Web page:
I’ve been running business change projects for the last 25 years. Over this time, and as corporations have become leaner, I’ve worked more and more with people who must juggle work on the project, with their day job. Essentially, their project work is homework.

The prevalence of ‘projects as homework’ was the inspiration behind “The People Project Triangle”, a book I co-authored with fellow consultant and lecturer, Andy Coaton. We refer to such projects as composite projects.

In my opinion, and as a result of the current crisis, there is a risk that organisations inadvertently increase the proportion of composite projects.

‘Why is that?’ I hear you say

Business is already reviewing its headcount and adjusting to demand. In a few cases, headcount is increasing, e.g. the supermarkets. Unfortunately, however, it is mostly the other way round. In theory, this means the ‘day job’ is resourced properly but what about the projects?

Assuming that business behaves as it has in previous recessions, then they will also streamline their project activity. Those that remain on the backlog will be business critical. But, they will have to consider new projects in two categories:

  • Resilience – shareholders will require business to improve its ability to cope with a future pandemic. A bit like Governments mandated bigger balance sheets for banks in 2008, shareholders will want to see fat put back into supply chains and so on.
  • Operating Model – business and consumer behaviour has changed during the crisis and much of that will remain. Therefore, operating models will also have to change, especially the use of digital for internal and customer processes.

I think it stands to reason that there will be a cost and moral pressure to do as much in house as possible. In turn, this will mean more people doing project work on top of their day job.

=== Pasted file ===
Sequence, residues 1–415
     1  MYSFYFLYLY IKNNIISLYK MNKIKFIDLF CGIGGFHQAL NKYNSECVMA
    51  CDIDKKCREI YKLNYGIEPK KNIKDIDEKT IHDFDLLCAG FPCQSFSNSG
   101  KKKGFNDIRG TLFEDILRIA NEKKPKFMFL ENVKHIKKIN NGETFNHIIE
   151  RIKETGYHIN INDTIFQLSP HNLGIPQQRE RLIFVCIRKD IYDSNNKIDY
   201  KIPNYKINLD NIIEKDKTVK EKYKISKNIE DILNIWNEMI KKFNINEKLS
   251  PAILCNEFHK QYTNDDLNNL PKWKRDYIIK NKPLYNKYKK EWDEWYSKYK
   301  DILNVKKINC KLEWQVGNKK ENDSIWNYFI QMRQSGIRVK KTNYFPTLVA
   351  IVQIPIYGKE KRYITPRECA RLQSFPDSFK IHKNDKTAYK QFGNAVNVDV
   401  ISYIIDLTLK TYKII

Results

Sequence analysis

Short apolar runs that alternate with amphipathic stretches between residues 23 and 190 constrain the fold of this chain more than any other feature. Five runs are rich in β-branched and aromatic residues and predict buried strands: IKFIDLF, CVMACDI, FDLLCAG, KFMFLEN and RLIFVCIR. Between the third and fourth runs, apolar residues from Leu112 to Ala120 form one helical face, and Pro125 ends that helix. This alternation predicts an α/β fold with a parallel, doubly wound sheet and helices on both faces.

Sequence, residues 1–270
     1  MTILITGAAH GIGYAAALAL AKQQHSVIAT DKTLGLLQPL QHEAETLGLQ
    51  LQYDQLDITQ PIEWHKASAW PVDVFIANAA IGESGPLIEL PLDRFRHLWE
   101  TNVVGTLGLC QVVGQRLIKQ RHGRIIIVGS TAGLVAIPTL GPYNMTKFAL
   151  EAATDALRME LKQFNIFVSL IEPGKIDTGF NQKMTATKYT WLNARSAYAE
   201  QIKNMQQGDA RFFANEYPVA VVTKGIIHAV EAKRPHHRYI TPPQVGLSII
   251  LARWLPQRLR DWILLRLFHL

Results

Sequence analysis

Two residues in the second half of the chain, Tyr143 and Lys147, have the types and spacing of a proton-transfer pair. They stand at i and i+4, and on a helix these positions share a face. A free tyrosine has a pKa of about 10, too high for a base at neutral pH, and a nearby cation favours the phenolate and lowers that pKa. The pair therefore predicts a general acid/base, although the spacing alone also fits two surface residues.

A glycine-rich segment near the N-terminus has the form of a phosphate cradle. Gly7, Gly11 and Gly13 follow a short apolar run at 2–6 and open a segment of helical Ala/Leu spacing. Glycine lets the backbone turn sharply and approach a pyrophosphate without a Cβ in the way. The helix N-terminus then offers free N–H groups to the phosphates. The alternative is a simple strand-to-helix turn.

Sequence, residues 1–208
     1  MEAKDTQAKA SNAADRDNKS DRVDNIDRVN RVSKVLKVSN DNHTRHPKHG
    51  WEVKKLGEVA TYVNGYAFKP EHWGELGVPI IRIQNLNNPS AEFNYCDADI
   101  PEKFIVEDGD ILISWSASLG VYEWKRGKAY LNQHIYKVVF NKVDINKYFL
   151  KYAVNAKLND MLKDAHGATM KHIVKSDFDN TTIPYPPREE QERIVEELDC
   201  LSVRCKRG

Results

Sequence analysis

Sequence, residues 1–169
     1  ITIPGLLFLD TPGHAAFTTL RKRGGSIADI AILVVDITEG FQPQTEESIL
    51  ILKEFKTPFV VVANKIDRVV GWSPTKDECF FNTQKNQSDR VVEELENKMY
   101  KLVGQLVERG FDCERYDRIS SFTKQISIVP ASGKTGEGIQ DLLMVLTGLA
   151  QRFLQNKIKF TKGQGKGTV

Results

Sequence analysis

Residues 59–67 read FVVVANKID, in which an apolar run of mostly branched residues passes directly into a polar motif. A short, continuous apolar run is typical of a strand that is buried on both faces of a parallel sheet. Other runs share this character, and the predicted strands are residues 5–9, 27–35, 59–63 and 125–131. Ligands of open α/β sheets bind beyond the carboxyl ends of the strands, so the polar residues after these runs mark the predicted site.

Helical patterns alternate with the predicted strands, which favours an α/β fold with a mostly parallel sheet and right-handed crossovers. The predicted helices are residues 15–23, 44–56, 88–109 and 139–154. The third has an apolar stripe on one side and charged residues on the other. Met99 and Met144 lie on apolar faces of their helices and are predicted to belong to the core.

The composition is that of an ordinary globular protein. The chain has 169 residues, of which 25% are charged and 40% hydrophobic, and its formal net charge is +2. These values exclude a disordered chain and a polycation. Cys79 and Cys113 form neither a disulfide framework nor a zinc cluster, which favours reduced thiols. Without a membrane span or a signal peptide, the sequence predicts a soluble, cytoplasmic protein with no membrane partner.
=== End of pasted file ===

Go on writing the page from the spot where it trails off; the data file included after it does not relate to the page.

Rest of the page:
‘So what?’

Andy and I looked at this. Analogous to the classic Project Triangle which is a trade-off between cost, time, and scope, there is a People Project Triangle. This is a trade-off between the project, the ongoing business, and the people working in both.

In our experience, the vast majority of people are conscientious and will focus on their energies on both the project and their day job. In an unrecognised composite project, this can result in overwork with the inevitable stress and, ultimately, burn out.

But sometimes, it’s just too much and both the day job and the project can suffer. And given the likely criticality of the projects that made that cut, this will be extremely costly.

‘What can I do about it?’

Composite projects are largely unrecognised. They have their own particular characteristics, needs and risks. Therefore, the first step is to be able to identify a composite project. Very simply, if it isn’t:

  • Small and tactical
  • Massive, strategic with a full time, dedicated team

Then it is a composite project. In the book we provide a more detail.

‘I have identified it, now what?’

It’s vital to set it up carefully. There’s nothing wrong with a composite project provided it’s set up and run properly. Key things to consider are:

  • The sponsor and the vision
  • Selection of the project manager and the team

And once set up, there are things to focus on that can help with a successful outcome:

  • Initiation
  • Balancing the project with business as usual
  • The day to day

‘What if I need help?’

We would say this wouldn’t we………..

If you’re struggling and it’s unlikely you’ll be able to use external support, then our book can be found here.

Or, you can talk to us. Happy to arrange an initial chat via MS Teams, Zoom or even on the telephone. Just contact us.